Dinner was already served and as usual after much wait I eat a little. After the dinner I finally got time for some conversation with Moni baba. Gathering my courage, I told him, that the image I have in mind for him, was of a white bearded man. He waited for a second to response and Oh my God! will he now kick me out of ashram with some curse. Baba doing dhyan & tap are already powerful and he is living in this frozen land for 9 years without uttering a word. But then he smiled and I relaxed my posture with big sigh. He told in sign language that people get shocked, when they see him. They actually expects the same as I do. Some even think that baba take jadi-buti to look young. He was only 28 and have started his journey to be a yogi, at the age of 15. We discussed some more things like Delhi's pollution and traffic, people's behavior, languages, culture, temperament of North and South Indians and cracked few jokes, Baba laughed whole heartedly and we did the same with some precautions.

Since our hut was taken by a gang of Russian girls and we were shifted to an another smaller place. We requested baba to provide us the upper ground hut and he agreed after some persuation. It was a poor man's suite. A platform with a mattress and this gonna be the best sleep after 2 days as the body has also adjusted by fair amount.

I decided to come out and try some night photography and Rana helped in setting the things very enthusiastically. Unfortunately the cloud cover which comes every evening after the sun-set was not giving the oppourtunites, on the other hand it has maintained the temperature and we were not dying of cold.

Soon the clouds over the Shivling moved and so did my camera. It was so cold that there was not much time to experiment and adjust the setting, also at this time of year the star shifts and milky way is not a deep over the horizon as in summers. I manage a couple of shot worth keeping and the temperature started falling sharply. We moved inside the hut assisted by solar panel given by Moni baba.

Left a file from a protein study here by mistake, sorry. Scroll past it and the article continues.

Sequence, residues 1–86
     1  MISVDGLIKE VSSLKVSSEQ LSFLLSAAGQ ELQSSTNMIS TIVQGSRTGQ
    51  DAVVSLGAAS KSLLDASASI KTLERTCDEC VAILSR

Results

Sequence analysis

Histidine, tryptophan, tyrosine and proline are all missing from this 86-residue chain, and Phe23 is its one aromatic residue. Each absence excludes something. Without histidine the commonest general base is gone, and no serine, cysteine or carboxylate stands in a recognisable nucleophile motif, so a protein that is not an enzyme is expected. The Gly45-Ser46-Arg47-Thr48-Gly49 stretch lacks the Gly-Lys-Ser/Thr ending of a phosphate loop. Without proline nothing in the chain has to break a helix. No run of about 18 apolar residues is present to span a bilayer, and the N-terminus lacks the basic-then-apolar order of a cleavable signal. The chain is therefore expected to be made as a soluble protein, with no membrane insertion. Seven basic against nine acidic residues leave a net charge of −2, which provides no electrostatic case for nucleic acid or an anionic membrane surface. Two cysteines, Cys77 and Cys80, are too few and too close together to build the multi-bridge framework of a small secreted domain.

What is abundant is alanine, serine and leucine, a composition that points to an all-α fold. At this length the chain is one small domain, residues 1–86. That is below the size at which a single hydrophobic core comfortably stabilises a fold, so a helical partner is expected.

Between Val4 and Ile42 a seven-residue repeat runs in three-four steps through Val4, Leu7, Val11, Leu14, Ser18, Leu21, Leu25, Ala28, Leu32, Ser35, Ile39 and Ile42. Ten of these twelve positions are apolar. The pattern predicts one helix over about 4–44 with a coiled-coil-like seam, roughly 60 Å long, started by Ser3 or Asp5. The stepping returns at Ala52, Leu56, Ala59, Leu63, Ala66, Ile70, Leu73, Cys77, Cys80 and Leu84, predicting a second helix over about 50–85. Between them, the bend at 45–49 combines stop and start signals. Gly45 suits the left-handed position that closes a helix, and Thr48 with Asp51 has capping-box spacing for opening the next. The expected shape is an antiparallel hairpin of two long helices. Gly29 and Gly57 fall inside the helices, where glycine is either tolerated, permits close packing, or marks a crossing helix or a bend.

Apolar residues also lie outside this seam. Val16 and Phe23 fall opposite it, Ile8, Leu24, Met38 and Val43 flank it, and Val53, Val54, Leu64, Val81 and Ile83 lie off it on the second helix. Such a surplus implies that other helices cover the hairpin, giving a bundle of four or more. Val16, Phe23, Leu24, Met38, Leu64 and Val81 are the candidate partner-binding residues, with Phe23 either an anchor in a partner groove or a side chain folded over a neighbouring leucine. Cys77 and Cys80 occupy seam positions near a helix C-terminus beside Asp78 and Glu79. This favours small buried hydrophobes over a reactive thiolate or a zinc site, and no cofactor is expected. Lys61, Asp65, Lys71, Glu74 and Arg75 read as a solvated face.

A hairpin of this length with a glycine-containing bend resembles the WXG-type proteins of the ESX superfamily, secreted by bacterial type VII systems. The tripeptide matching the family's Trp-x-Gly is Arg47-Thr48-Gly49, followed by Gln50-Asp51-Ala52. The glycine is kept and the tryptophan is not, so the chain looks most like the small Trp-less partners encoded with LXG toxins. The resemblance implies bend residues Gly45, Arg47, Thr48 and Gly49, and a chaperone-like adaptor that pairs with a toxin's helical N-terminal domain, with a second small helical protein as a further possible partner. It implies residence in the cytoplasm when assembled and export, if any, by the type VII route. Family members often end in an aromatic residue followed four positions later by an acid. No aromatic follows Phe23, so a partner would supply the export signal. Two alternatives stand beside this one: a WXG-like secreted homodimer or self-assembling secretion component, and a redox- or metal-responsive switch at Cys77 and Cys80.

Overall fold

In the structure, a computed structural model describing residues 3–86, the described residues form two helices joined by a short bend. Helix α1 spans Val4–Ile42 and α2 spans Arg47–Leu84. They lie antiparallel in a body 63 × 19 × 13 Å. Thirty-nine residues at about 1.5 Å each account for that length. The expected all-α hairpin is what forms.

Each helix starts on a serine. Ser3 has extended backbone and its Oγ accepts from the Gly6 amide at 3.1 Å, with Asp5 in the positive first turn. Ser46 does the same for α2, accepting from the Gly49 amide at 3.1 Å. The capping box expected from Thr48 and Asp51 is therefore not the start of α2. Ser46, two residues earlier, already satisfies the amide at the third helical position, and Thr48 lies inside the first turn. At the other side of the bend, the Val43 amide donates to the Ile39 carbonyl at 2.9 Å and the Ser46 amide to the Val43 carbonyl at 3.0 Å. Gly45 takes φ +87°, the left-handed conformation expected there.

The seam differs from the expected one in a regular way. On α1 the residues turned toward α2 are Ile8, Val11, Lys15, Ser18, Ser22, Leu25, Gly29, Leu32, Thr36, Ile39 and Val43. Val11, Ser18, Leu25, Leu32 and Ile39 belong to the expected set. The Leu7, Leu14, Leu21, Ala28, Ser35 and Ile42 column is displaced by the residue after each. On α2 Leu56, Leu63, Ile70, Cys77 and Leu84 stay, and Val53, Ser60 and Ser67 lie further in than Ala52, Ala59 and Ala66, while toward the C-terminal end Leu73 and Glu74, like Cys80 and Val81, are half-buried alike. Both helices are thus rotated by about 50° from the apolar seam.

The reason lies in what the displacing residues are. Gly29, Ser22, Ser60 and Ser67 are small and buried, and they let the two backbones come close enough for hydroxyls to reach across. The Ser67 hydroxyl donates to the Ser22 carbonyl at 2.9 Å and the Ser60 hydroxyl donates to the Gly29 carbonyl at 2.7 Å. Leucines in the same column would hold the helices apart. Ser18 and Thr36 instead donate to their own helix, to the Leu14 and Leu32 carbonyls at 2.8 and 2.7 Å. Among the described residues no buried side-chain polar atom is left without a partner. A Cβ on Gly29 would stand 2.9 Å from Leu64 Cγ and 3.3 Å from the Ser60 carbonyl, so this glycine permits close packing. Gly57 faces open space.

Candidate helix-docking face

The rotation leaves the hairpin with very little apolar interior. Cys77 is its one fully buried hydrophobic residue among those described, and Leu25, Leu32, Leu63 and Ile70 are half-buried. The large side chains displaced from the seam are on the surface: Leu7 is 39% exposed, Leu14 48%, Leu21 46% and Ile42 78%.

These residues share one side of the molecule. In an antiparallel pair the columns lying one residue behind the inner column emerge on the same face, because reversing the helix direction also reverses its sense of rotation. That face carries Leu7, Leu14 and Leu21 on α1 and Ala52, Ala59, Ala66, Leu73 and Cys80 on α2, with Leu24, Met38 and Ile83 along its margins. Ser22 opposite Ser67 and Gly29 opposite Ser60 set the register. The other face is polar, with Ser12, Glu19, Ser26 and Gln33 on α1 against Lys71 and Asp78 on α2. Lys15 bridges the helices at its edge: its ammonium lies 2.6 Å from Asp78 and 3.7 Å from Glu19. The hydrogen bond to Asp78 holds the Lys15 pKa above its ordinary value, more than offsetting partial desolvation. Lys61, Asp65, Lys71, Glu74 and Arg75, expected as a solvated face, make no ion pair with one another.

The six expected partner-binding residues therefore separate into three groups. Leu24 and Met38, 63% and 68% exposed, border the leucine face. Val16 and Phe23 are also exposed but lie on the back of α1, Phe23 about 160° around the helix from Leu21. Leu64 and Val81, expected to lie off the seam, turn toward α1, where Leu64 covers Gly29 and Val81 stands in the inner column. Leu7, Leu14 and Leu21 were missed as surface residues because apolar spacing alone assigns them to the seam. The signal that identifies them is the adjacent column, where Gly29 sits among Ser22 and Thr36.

Photo of Kirti Glacier, Uttarkashi, Uttarakhand, India by Kunwar Singh Deoliya

Next morning had the same porridge breakfast and moved back after exchanging final greeting with Baba.

In less than an hour we were at Gaumukh. On the way we met this

Greek guy, who was with us at ashram and left early, but here he was lost in the glacier. Thankfully he was just circling around the way and had not gotten far. This would be last place one can think of getting lost. Came Gaumukh and this was the time for holy dip and feel the snout of glacier and the river from close.

It was late October but still the rocks and chunks of Ice keep falling from time to time. In summers the snout is a perilous place to be at. Falling ice blocks and debris can be up to a size of elephant or even more. Just this summer the glacier ice floated down till Gangotri covering some 18 kms. After capturing all angles of Gaumukh and getting refreshed with the icy water I moved towards Gangotri. Rana has already covered some kilometers ahead and I can see him like a dot in the valley.

Photo of The Source Of Ganges by Kunwar Singh Deoliya

I would have gone past some 2 kms and with no-one in the miles of radius I was all by myself in the splendid valley. I look back at the Gaumukh and the mountains above for the one last time before I can bid adieu to the valley and mountains, the whole journey flash-backed in front of my eyes. Till now I was covering distance with all the strength I have but at this divine moment I realizes the robustness of that mighty mountain, the grandeur of the grumbling glacier, the piousness of the mysterious Akash Ganga and above all the holy dip in the sacred Bhagirathi whose cold current was still revitalizing my spirits. My feet feel heavy with that godly gravitation and damn...I was stoned. The call of the Ganga started making sense. Have heard about this ecstatic experience but the real feel was blissful. Body was communicating directly with this ecosystem, at a bandwidth way beyond the realm of satellites and technology. I WAS IN TRANCE. Exuberated in the cosmic connection the moment of truth awakens my inner self, throw me on my knees, snatches away the masculinity and makes me cry like a baby.

I came like a tourist here and going back a pilgrim.With heavy heart I turned back, I hate this part of journey which is even tougher then climbing. When you leave the mountains, a part of yours remains there and in return a Himalayas gives you treasured memories and they both force you to come back again and again and again.... I consoled myself that the journey was not over and other destination was waiting. I felt happy about my Dyara bugyal trek to be taken next day and increased my pace. Soon I catch up with Rana and rushed to collect my 100 bucks from the check post.

This post was originally published on Vaastvik.